San Francisco, Dec 2: YouTube has reprogrammed its website to make it easier for viewers to find and watch their favorite channels.
The facelift, unveiled Thursday, is the latest step in YouTube's attempt to make the Internet's most popular video site as easy to navigate and as compelling to watch as cable TV. In the process, YouTube owner Google Inc. hopes to make money selling ads.
As part of the redesign, YouTube is replacing its staid white background with a touch of gray.
The changes are part of the biggest renovation that YouTube has undertaken since Google bought the site for $1.76 billion five years ago.
Although Google has been steadily adding more frills to YouTube since that acquisition, the videos on the site often were stitched in a crazy quilt that often required visitors to do a lot of searching to find what they wanted.
Google also has been sprucing up other products in recent months, including its Gmail service and news section.
YouTube's website has been reorganized to display three main vertical columns instead of scattering clips in horizontal rows.
The left of the page is devoted to a column that can be customized to feature a viewer's favorite channels and monitor the videos being posted by their friends on social networks, including Facebook—a rival to Google's own Plus service.
The effort to highlight channels comes a few weeks after YouTube agreed to invest $100 million in original programming from about 100 celebrities, media companies and video entrepreneurs. Most of these channels will debut next year. YouTube hopes additional advertising will enable it to reap a profit from the investment.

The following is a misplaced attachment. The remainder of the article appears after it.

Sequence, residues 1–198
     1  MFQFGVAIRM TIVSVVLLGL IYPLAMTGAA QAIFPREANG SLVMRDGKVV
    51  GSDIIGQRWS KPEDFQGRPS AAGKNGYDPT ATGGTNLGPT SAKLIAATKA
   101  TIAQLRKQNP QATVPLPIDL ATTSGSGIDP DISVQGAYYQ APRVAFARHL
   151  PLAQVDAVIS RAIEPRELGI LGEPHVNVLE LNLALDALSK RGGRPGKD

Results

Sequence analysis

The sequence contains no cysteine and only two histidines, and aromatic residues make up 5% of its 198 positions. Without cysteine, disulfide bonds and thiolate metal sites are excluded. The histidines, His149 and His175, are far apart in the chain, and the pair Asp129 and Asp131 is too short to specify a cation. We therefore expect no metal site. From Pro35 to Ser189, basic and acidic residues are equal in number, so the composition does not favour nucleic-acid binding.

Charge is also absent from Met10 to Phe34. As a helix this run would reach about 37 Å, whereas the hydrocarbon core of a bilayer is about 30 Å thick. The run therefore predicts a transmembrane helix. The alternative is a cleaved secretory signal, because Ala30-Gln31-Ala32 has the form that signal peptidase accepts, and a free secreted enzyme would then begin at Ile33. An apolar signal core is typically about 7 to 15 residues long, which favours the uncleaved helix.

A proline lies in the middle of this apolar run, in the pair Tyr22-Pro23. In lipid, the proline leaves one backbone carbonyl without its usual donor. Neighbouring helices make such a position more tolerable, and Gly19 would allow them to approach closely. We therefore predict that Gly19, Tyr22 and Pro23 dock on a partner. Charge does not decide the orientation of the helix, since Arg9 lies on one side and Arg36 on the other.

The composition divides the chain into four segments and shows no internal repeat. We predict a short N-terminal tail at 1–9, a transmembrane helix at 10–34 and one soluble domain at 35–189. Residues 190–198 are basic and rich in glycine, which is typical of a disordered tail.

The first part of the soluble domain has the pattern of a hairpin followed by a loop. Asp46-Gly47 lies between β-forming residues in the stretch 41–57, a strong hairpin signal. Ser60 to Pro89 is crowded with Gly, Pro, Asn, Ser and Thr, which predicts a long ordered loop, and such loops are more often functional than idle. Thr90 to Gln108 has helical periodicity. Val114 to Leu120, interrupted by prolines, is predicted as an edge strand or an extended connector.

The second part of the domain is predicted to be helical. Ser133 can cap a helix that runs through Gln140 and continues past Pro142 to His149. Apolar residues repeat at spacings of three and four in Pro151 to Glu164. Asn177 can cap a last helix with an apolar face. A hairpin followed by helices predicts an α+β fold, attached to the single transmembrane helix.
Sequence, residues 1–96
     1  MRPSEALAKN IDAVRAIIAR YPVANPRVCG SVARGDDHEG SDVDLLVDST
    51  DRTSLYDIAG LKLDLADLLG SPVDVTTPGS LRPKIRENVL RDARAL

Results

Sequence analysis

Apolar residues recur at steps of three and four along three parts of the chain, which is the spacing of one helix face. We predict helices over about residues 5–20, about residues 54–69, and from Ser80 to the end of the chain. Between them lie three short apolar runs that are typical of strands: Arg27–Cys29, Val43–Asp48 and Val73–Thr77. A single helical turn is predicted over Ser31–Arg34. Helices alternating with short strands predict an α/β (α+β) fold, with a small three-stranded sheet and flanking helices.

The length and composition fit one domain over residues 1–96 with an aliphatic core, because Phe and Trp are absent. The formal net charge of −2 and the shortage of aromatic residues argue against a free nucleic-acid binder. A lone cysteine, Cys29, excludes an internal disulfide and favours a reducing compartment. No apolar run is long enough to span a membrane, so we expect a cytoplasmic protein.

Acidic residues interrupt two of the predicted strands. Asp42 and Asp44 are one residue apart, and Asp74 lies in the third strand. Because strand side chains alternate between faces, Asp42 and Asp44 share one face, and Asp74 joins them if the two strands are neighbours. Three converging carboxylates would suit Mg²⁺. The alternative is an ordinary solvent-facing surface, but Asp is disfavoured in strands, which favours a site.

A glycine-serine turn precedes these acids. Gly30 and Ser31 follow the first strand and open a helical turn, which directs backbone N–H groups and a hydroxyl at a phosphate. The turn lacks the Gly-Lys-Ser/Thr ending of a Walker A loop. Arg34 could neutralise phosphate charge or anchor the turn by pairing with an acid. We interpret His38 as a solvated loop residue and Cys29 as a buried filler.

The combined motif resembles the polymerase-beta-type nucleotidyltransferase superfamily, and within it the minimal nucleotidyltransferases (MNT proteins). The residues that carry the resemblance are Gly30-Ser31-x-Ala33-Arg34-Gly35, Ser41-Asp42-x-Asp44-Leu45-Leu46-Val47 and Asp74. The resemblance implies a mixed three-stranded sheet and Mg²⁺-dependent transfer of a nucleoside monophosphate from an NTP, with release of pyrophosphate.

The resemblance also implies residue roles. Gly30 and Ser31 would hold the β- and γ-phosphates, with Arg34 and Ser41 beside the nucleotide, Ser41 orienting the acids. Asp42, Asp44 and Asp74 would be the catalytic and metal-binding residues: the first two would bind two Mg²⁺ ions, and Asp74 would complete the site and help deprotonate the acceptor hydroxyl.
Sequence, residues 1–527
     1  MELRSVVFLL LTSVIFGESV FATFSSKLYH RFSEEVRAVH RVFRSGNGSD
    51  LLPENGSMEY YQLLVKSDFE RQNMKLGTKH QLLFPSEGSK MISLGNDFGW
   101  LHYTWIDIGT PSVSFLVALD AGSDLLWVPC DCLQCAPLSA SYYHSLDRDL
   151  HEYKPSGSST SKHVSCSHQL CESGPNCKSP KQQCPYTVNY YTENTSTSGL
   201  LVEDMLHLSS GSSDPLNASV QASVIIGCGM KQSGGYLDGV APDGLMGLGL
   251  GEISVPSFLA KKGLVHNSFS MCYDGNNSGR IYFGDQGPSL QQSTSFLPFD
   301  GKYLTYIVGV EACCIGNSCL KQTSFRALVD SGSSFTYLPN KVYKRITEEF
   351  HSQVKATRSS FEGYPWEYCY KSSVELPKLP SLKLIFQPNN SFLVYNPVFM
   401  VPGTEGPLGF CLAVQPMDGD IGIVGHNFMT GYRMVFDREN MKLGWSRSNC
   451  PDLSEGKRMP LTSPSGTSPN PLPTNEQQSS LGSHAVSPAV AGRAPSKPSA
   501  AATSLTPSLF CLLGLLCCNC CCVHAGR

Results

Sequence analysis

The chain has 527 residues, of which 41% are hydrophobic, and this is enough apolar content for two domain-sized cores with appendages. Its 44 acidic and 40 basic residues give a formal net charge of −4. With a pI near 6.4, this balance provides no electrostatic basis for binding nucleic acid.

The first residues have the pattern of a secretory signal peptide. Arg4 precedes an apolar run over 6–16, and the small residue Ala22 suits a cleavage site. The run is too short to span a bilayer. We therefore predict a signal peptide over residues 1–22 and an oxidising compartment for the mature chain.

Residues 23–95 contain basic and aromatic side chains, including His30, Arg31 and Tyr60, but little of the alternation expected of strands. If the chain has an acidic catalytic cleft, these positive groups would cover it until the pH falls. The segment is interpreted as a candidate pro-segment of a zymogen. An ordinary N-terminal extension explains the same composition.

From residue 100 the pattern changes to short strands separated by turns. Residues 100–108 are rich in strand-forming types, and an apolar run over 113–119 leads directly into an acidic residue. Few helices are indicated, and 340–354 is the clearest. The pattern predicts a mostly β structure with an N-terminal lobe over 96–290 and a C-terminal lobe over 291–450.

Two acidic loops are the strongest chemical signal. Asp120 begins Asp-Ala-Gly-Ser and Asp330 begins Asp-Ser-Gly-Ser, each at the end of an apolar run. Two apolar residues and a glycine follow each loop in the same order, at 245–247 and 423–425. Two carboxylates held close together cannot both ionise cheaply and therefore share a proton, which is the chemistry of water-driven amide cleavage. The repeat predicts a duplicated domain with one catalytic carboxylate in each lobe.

The middle of YouTube's new home page is where videos can be played. The selection will change as viewers click on a different channel included in their lists in the left column. The far right column will recommend other videos, based on what kind of clips that viewers have watched in the past.
Bringing more professionally-produced content and more organization to YouTube has become more important since last year's introduction of Google TV—an attempt to seamlessly blend conventional television programming with Web surfing. YouTube's more streamlined look might make the site more attractive to watch on large-screen TVs using Google's product or other connections to the Internet.
Google TV has struggled so far, partly because major Hollywood networks such as News Corp.'s Fox and The Walt Disney Co.'s ABC have blocked their content from the platform because they think it will undercut their advertising revenue and fees from pay-TV distributors such as Comcast Corp. and DirecTV.